Autumn Statement 2016: Broadband
Suspicious downloading activity will reportedly soon invoke a 'piracy notice' on the account holder iStock

Leading internet firms operating in the UK are reportedly planning to step up long-promised plans to combat copyright infringement in 2017 as part of a government-backed scheme to spew out "piracy alerts" to anyone caught using torrent websites.

By working hand-in-hand with copyright holders, internet giants will reportedly soon send email warnings to any customers whose online networks are implicated in the downloading of pirated music, movies, TV shows and computer software.

The notices are not expected to come with strict financial penalties and are instead being described as a scheme to educate web users about "legitimate" websites also offering such content.

Users will receive an alert advising them unlawful file-sharing may have taken place on their connection – but little else.

If it all sounds very familiar, that's because it has all been said before. As previously reported in 2014, a previous iteration of the scheme called Voluntary Copyright Alert Programme (VCAP) claimed to be enforcing exactly the same anti-piracy ideas.

Two years later, a spokesperson from the "Get it Right From a Genuine Site" scheme, managed by a group called Creative Content UK (CCUK), has told TorrentFreak in a statement the plans will officially be launching in the "next few months".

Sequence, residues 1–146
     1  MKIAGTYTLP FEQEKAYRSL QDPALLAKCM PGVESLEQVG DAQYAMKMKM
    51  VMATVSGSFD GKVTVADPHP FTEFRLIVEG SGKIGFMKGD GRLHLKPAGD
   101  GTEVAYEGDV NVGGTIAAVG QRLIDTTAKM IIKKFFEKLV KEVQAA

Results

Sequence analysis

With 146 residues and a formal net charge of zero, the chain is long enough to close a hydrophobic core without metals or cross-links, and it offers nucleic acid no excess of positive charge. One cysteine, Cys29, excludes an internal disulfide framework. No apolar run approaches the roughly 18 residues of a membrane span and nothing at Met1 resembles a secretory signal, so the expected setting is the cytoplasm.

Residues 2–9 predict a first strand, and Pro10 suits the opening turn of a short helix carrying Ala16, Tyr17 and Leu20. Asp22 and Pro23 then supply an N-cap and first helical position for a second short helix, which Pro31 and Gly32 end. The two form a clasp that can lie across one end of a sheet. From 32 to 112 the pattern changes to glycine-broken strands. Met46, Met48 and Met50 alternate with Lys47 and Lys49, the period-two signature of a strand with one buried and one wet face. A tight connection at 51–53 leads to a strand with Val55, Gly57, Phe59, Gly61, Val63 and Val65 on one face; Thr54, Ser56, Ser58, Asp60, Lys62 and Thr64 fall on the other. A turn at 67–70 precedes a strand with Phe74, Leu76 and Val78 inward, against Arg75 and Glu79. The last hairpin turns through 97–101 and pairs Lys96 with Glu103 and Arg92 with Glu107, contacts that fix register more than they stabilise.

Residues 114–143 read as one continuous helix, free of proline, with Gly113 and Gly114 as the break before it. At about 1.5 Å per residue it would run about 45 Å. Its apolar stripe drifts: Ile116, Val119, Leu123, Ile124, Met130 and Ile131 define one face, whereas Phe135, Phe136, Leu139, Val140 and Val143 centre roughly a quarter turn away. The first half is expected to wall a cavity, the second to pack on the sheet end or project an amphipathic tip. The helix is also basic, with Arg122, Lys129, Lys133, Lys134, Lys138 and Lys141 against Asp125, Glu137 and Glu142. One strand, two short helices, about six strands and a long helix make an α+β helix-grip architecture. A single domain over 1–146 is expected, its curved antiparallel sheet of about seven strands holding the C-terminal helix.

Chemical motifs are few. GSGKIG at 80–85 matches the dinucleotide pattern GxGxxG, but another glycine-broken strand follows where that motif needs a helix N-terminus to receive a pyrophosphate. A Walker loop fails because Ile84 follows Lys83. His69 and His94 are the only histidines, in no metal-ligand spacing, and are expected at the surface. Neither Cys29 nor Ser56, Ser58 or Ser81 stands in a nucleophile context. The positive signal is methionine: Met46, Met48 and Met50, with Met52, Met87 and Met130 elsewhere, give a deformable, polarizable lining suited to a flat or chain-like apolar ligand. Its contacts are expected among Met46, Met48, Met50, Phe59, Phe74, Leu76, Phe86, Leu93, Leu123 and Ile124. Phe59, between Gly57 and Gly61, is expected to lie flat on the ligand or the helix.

The CCUK spokesperson said: "Educational emails will help account owners and others who use their accounts to do the right thing and get their content from legitimate sources.

"We realise that some people might not realise their account has been used to share files, for example if their children have been illicitly downloading content and then sharing it without their parent's knowledge.

"As well as providing links to help the customer find legal sources of content in future, the email will direct the user to further resources to answer any questions they may have about how the information was obtained and how to make sure their account is not used to infringe content again."

The £3.5m ($4.4m) CCUK scheme was first touted as an effort to promote legal entertainment. Founding partners included the Motion Picture Association (MPA), the BPI (British Recorded Music Industry) alongside BT, Sky Broadband, TalkTalk and Virgin Media.

The BBC, Film Distributors' Association and the Independent Film & Television Alliance (IFTA) also lent support to the campaign. However, as TorrentFreak noted, the move may come too late as web users are increasing turning to streaming services like Netflix and Amazon to view content.

There was further no clarification from Creative Content UK as to why the scheme is only now coming to fruition.